The rover will characterize the planet’s geology and past climate, paving the way for human exploration of the Red Planet, and be the first mission to collect and cache Martian rock and regolith (broken rock and dust).
The prime rock targets are stromatolites which consist of sedimentary layers on fossilized mats of microorganisms deposited billions of years ago.
Perseverance counts as the first leg of a truly groundbreaking astrobiology expedition aimed at collecting and caching dozens of pristine soil and rock samples that will be returned to Earth a decade from now in search of tell-tale signs of past life and eventually pave the way for human exploration of the Red Planet in the late 2030s.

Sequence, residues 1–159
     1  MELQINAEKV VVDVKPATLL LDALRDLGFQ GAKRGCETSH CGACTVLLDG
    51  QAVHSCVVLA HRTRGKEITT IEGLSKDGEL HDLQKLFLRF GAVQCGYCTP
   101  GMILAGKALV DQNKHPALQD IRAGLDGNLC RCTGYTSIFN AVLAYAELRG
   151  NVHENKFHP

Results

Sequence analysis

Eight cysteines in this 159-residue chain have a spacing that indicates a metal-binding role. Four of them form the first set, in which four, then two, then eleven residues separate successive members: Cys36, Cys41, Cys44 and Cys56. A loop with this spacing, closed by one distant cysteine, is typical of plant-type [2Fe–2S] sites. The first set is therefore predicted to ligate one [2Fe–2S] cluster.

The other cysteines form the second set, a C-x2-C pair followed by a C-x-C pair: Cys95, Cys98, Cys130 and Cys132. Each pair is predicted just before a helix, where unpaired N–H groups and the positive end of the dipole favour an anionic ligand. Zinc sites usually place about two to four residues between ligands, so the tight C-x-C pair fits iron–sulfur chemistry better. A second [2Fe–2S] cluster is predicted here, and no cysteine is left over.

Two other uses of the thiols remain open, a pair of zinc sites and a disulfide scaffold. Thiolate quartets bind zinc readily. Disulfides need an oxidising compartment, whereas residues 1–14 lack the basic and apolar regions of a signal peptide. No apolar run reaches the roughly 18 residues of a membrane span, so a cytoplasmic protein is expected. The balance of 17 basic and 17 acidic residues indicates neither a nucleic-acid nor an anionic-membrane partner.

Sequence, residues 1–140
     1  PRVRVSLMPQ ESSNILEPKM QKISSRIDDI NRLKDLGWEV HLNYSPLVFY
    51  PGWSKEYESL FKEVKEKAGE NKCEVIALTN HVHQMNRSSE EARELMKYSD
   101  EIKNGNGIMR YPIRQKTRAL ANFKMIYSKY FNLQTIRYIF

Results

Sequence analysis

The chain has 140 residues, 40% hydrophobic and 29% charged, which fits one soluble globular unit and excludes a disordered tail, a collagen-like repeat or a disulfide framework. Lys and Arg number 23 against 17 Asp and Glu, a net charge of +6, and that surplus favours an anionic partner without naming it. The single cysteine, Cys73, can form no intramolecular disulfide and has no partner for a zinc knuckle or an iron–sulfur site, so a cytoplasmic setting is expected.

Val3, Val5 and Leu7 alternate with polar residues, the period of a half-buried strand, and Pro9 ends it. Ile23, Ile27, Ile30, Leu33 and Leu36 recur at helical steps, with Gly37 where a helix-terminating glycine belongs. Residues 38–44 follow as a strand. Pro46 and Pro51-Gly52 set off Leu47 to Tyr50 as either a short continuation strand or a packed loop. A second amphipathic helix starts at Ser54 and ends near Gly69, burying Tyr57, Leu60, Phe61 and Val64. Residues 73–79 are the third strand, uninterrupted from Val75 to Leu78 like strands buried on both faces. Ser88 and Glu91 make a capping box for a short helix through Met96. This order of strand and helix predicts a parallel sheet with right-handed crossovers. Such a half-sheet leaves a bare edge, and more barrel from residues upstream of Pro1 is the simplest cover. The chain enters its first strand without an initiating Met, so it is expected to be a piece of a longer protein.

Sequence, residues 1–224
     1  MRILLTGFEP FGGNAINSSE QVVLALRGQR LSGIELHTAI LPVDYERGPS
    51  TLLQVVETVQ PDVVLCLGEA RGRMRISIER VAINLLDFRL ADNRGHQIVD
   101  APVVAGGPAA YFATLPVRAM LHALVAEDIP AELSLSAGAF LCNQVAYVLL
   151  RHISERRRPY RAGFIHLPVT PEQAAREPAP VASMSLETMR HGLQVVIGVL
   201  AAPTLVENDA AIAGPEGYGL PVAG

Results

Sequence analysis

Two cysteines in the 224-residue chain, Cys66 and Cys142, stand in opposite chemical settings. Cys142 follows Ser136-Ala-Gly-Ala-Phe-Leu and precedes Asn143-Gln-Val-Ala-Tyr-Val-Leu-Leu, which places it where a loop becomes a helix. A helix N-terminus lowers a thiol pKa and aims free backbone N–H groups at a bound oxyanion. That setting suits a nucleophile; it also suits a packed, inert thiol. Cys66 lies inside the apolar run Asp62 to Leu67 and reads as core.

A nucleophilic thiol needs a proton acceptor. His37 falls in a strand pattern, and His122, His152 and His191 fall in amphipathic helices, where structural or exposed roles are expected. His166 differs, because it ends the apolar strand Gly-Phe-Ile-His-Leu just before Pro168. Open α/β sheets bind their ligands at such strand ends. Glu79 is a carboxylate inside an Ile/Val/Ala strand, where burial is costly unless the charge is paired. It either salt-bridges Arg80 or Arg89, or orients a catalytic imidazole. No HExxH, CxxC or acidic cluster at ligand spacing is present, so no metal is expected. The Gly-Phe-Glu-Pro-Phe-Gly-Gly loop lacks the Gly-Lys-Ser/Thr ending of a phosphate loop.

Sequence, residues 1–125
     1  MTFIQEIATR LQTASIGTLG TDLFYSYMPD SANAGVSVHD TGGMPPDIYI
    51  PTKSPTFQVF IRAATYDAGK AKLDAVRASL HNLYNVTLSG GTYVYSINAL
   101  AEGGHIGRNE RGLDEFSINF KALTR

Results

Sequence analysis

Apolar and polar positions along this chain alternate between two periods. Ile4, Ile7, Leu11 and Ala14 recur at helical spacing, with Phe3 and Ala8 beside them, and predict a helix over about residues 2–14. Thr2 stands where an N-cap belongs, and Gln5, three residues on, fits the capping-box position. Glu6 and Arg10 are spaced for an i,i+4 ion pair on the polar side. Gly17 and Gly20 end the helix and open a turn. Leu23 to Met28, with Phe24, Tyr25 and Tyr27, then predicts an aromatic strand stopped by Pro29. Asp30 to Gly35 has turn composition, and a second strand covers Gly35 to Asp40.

Subsequent NASA missions, in cooperation with ESA (European Space Agency), would send spacecraft to Mars to collect these sealed samples from the surface and return them to Earth for in-depth analysis.
In addition to exercising the rover’s mobility system, the team has also been busy with many other initial checkouts.
On Feb. 26 (Sol 8) mission controllers completed a software update, replacing the computer program that helped land Perseverance with one they will rely on to investigate the planet
More recently, the engineers and scientists checked out Perseverance’s Radar Imager for Mars’ Subsurface Experiment (RIMFAX) and Mars Oxygen In-Situ Resource Utilization Experiment (MOXIE) instruments and deployed the Mars Environmental Dynamics Analyzer (MEDA) instrument’s two wind sensors, which extend out from the rover’s mast.